Pleased to see your AKU Spider’s are still going strong. When they eventually need replacing, take a look at the new Spider Lite. Two more additions to the Spider boot family coming in the Fall. If you want more info, let me know.

    Simon (the AKU rep for Southern England)

  17. I-CJW on March 24th, 2009 9:59 am

    KamoshikaBob – it’s actually taken from the other side, from Ura-Myogi, but looking towards that great ridge that’s visible from Matsuida. You’re dead right about Myogi being an impressive mountain – the first time I saw it, I nearly steered the car off the road! And you could easily spend three or more days up there exploring, there’s a lot more to it than it’s 1100m would suggest..

    Julian – mmm, Shimonoroka looks like a good trail, I might well give that a go this year. By the way, I finally got a GPS unit – still working it out, but many, many thanks for the pointers.

    Simon – I’m an enormous fan of the Spiders, they get recommended to everyone. Also very pleased with the Suiterra Injected for summer use. Both are still going strong, but when they eventually succumb, I’ll definitely take a look at the new range!

  18. Ole on March 25th, 2009 4:46 am

    I’ve read most of your blog now, because of the amazing pictures, the great quotes and that I might end up climbing Japanese mountains some day.

    Also in the “About” section you reveal “.. and work at a hedge fund in Tokyo”, which I find most interesting- because I want a hedge fund job in Japan in a few years(but I’m also considering New York). Please tell me how you got the job, how good your Japanese is and what your education is? I’m sorry to be so prying, but this subject is of great interest to me.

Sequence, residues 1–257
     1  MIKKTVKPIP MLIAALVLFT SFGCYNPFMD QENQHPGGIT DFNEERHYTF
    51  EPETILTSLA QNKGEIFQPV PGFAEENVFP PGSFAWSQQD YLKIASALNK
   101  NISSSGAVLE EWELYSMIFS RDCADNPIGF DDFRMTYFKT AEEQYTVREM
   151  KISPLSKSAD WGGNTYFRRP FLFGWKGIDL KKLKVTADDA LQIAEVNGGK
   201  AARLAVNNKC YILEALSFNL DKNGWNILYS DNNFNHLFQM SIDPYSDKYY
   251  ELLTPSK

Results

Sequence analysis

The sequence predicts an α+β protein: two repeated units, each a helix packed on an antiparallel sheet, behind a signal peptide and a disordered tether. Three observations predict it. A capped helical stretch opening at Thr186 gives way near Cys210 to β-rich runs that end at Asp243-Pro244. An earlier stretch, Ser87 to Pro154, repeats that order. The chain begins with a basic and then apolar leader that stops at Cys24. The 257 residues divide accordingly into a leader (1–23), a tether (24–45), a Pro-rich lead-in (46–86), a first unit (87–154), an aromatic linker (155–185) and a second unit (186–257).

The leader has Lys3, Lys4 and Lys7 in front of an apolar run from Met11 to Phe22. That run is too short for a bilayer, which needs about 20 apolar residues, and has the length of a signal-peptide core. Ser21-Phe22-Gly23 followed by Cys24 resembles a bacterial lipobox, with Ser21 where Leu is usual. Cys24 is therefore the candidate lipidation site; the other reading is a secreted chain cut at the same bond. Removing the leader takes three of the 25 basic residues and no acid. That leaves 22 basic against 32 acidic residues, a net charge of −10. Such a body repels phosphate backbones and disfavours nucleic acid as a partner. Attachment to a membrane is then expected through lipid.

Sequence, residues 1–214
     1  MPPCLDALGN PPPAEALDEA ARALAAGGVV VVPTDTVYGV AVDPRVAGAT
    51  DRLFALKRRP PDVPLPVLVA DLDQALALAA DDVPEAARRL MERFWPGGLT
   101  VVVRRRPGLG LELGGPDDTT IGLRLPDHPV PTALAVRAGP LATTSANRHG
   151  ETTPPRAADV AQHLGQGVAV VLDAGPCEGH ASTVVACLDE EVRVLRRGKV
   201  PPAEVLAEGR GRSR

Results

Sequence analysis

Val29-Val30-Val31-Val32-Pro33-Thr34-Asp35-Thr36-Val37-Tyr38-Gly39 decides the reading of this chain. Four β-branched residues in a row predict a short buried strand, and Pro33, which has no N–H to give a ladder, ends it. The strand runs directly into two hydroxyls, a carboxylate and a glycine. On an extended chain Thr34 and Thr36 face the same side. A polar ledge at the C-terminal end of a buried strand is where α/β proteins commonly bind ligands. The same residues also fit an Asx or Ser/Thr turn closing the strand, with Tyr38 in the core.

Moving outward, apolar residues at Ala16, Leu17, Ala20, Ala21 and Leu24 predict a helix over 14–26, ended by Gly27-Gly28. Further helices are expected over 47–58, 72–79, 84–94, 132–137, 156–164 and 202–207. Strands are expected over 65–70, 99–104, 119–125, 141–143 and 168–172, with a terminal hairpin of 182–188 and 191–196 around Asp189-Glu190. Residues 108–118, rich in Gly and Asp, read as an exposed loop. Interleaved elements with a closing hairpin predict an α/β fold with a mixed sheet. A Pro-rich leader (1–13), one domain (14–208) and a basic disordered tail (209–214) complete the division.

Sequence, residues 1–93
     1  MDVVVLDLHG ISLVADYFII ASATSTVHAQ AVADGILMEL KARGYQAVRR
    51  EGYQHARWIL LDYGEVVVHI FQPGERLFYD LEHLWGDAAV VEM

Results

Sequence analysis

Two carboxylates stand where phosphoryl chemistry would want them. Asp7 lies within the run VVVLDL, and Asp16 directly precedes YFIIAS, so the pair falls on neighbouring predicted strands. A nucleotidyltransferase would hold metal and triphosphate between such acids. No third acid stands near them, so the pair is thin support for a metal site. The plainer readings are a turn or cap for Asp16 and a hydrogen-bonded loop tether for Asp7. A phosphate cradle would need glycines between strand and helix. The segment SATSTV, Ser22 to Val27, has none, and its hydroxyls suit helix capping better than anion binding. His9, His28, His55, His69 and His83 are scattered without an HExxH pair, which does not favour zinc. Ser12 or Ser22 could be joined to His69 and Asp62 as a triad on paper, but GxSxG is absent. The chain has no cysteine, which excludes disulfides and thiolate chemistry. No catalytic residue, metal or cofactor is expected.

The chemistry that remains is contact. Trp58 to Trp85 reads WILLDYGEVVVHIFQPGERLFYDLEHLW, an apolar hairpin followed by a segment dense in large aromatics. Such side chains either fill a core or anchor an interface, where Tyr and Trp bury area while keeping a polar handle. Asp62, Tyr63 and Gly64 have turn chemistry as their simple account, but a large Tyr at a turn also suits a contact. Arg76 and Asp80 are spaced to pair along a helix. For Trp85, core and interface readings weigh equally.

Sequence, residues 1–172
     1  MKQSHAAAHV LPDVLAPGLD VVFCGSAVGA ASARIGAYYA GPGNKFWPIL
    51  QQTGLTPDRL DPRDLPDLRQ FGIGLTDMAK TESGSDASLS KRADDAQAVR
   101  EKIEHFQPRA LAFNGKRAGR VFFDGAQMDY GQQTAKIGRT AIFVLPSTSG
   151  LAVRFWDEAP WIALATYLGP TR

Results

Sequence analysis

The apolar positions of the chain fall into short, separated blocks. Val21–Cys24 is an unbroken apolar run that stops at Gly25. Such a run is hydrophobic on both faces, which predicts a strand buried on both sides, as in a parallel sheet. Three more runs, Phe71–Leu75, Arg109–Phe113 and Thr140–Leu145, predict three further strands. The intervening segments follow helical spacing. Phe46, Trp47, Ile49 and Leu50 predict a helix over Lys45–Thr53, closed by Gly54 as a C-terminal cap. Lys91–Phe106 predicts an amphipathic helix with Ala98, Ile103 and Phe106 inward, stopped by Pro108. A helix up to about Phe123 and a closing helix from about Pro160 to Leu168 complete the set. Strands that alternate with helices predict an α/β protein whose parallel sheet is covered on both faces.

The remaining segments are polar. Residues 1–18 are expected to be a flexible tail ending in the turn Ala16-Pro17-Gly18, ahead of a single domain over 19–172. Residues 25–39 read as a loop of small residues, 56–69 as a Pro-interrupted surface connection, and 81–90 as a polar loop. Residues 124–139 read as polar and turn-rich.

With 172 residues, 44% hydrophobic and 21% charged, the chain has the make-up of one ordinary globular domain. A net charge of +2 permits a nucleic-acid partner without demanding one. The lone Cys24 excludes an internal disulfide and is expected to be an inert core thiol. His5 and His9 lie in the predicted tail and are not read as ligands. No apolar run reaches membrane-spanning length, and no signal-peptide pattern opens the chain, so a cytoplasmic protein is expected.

As for myself, I’ve just started with studying economics, which will lead to a masters in technology(finance or economics). I believe that I might need some extra education after that, but for now I’m studing Japanese and maths as optionial subjects and doing well in both.

  19. I-CJW on March 25th, 2009 10:59 am

    Hi Ole – thanks for reading, I do hope that you get the chance someday to come to Japan’s mountains. I’ll shoot you an email with the information you’re asking about. Hopefully there will still be some Japanese hedge funds left by the time you graduate…. ;-)

  20. Peter Skov on April 11th, 2009 1:35 am

    Yes, one thing I am still having a hard time with in Japan is the light. I can see why so many Japanese landscape and nature photographs are in misty weather conditions. That haze just vanquishes any hope of decent alpine glow, even at higher elevations. Sunny days are disappointments. You need to be there when a storm is just clearing to get anything really exciting. Perhaps thats the biggest challenge here: overcoming the light and atmospheric conditions.

  21. Frank on April 11th, 2009 2:52 pm

    I’m jealous. I am about to go hiking for the first time in Japan after many hikes in my home country of Australia. I have a conference in Nagoya and it seems that the Kansai Pilgrimage region is the closest for a good hike. I have chosen the Omine-san (including Mt. Hakken) route from Lonely Planet. Your blog has inspired me !

  22. I-CJW on April 15th, 2009 7:36 am

    Peter – very true. I guess we have to just keep working with what we’ve get given!

    Frank – that’s a good route, there’s plenty to see along there. I’m pleased the blog provided some inspiration – I can’t think of a higher compliment!